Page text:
Alfredo Ortiz – February 4, 2023
Ashley N’Dakpri runs Afro Touch, a hair-braiding salon in Louisiana. She wants to hire more stylists to meet demand, but Louisiana’s strict occupational licensing regulations prevent her from doing so.
Ashley legally isn’t allowed to hire new stylists unless they have a cosmetologist’s license, a certification that requires five hundred hours of training and thousands of dollars in fees to obtain. She notes that many potential employees are no longer interested in working for her once they discover the onerous occupational licensing requirements.
State-level occupational licenses are a major barrier to minority entrepreneurship. These licenses prevent many minorities from starting their own businesses in fields across the economic spectrum.
The beauty industry is perhaps the most egregious example of a field whose occupational licensing requirements prevent minority entrepreneurship, but these licenses are also found in many other industries popular with minority entrepreneurs, including construction, childcare, and pest control.
Cosmetology licenses are often far more difficult to get than licenses for professions that deal with life and death. In Massachusetts, for instance, cosmetologists must complete one thousand hours of coursework and two years of apprenticeship before they are allowed to ply their trade in the beauty industry. Emergency medical technicians, by contrast, must only take 150 hours of courses to be allowed to work.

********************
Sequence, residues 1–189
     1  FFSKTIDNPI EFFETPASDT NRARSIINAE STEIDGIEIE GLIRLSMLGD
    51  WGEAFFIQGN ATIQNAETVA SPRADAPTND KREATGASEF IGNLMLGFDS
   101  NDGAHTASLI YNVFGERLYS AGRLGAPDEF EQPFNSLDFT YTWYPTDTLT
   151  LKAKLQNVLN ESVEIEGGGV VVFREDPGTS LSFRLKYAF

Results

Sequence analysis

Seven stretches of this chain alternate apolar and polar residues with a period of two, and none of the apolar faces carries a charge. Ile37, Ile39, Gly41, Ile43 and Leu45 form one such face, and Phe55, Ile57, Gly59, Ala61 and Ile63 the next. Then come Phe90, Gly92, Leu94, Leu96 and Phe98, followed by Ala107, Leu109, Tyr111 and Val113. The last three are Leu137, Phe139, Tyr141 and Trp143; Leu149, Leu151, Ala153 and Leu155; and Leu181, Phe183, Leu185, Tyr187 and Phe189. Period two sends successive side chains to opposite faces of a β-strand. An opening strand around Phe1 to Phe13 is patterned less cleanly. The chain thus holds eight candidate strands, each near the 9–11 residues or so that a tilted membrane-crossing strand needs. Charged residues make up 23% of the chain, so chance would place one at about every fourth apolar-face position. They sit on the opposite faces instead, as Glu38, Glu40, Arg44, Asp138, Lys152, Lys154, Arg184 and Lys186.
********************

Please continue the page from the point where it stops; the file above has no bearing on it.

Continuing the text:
What are these occupational licenses protecting consumers from? A bad hair day? These permits present an enormous entrepreneurial barrier to mostly minority women. According to a study by the Institute of Justice, Louisiana has just thirty-two licensed African hair braiders. In stark contrast, neighboring Mississippi, which has approximately four hundred thousand fewer black residents but doesn’t regulate hair braiding, has 1,200.
California is the worst occupational licensing offender, according to IJ, putting up “a nearly impenetrable thicket of bureaucracy.” Basic trades such as door repair, carpentry, and landscaping require potential entrepreneurs to devote 1,460 days to supervised practice and spend up to thousands of dollars for a license before they can legally work.
Nearly one-quarter of American workers hold a license, according to the Labor Department, up from about 5 percent in the 1950s. Unsurprisingly, a Federal Reserve Bank of Minnesota report concluded that minorities are significantly less likely to hold a license than whites.
Research by economist Stephen Slivinski indicates that licensing requirements reduce minority entrepreneurship. He finds that states that require more occupational licenses have lower rates of low-income entrepreneurship.
It’s already difficult enough for minority entrepreneurs to find a product that fills a gap in the market and outcompete established players without simultaneously worrying about the government hamstringing them through bad policies like excessive occupational licensing.
With fewer government hurdles, minority entrepreneurs can more readily overcome racial economic gaps through their own inspiration and ingenuity.
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